Read an excerpt HERE.

Click on image to buy PERFIDITAS.BRAG

Read an excerpt HERE.

Click on image to buy INCEPTIO. Amazon bestseller
BRAG_INCEPTIO


Summer vacuum (or the time of little writing)

Summer relaxationHooray! Summer is here; warm, lazy days, extra wine, days out with the family and friends, a holiday away, mmm.

But you still have a deadline looming, your fans are waiting, your muse is bashing away in your head with fantastic scenes you simply must write. And then you are speaking or attending conferences and festivals. No time to have time off. Guilt sets in…

But let’s get some balance here…

1. Nobody can work 365 days of the year. Well, they can, but what a dull person they’d be, and probably an early inhabitant of the graveyard.

2. Set realistic goals; halve your usual target and prepare for that goal to be disrupted as friends visit, children return from university, or neighbours invite you to barbecues every few days.

3. Sales dwindle in the summer, so don’t stress about the sales figures.

4. View your holidays as research trips, if your conscience is bothering you. Not just castles or mosaics, but an opportunity to watch people out of their normal environment or see other environments altogether. And swimming in the warm, salty sea gets you in touch with your tactile side.

5. Snatch time when doing other things to do small writing tasks like looking things up, sending an email to a blogger, drafting a dialogue. Amazing how you can think through a scene while mixing a salad!

6. Work on a little project. I’ve just put together ‘The 500 Word Writing Buddy‘. It’s a compilation of articles from the past three years of my writing and publishing column in The Deux-Sèvres Monthly.  I’ve worked on it intermittently over the past month. Now I’ve printed out some paper copies for selling at local fairs and fetes and sold three yesterday!  It will be going up on Kindle once I can snatch a half-day to format it for ebook. ;-)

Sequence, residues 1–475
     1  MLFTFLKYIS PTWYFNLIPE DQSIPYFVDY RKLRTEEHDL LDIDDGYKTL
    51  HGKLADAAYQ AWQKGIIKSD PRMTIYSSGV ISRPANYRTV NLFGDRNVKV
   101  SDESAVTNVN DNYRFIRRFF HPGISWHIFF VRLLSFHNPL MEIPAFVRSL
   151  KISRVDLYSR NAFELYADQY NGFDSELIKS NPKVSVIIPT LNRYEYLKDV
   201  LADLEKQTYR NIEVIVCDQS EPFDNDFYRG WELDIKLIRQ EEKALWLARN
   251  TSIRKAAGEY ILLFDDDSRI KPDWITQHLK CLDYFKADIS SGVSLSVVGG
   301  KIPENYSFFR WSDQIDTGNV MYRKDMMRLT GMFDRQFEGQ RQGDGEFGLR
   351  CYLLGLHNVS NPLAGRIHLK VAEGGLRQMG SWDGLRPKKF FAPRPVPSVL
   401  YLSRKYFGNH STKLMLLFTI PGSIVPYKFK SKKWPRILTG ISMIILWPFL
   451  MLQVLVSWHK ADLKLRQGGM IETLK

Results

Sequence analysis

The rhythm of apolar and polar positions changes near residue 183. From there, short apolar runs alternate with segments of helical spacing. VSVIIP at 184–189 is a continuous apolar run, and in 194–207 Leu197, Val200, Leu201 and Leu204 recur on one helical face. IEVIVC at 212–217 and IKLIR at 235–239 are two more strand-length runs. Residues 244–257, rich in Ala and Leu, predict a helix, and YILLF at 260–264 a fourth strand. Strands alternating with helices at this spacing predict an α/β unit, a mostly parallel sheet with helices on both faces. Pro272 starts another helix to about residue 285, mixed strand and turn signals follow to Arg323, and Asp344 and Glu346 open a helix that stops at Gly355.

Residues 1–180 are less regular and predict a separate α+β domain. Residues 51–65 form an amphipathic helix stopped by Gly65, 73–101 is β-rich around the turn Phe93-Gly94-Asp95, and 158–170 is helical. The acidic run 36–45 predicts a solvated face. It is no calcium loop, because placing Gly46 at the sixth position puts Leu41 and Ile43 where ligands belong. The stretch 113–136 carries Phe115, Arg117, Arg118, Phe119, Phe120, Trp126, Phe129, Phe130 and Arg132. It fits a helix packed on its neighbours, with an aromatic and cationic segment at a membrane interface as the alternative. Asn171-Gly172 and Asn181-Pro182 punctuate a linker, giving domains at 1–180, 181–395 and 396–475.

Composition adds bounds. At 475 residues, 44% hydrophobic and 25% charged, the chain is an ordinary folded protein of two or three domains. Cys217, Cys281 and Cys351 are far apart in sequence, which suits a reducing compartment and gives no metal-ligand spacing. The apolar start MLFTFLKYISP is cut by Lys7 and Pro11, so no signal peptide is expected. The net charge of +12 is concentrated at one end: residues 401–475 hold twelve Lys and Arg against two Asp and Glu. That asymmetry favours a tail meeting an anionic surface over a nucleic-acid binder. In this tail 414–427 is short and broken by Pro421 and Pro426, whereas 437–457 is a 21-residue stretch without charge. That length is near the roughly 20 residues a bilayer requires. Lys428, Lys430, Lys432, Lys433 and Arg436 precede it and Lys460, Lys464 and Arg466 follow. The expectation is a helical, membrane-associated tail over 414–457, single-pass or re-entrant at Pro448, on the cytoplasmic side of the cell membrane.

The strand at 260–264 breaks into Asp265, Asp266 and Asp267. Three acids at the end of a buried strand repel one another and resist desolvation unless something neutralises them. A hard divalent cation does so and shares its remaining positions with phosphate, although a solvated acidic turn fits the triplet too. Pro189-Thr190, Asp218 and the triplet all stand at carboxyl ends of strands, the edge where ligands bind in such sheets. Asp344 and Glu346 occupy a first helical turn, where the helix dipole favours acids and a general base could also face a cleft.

So, relax a little while the sun is shining and read a good book or two…

 

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Alison Morton is the author of Roma Nova thrillers, INCEPTIO, and PERFIDITAS. Third in series, SUCCESSIO, is out now.

 

 

 

What’s in a (Roman) name?

Me and G.J.Caesar

Me and G.J.Caesar

An awful lot!

This is only a brief introduction, but hold on tight because this may seem a little confusing…

Even in the earliest times, Romans used a different system of names from most other European and Mediterranean countries. They used two names, one of which became a hereditary surname. Over time, this expanded to include additional names and even nicknames.

Basics
The most familiar version of the Roman name is the tria nomina, or “three names” – praenomen, nomen, and cognomen – used by male Roman citizens for over a thousand years. Gaius Julius Caesar is a good example.

What means what?
A praenomen (plural praenomina) was a personal name, often following family or tribal tradition, e.g Marcus, Gaius, Aulus, Quintus, and used mostly within the family and close friends. but outside of this circle, they might be called by their nomen, cognomen, or any combination of praenomen, nomen, and cognomen that was sufficient to distinguish them from other men with similar names.

The nomen (plural nomina) designated a Roman citizen as a member of a gens - a ‘race’, ‘family’, or ‘clan’ – which constituted an extended Roman family claiming descent from a common ancestor, e.g  Julius, Flavius, Claudius, Cornelius.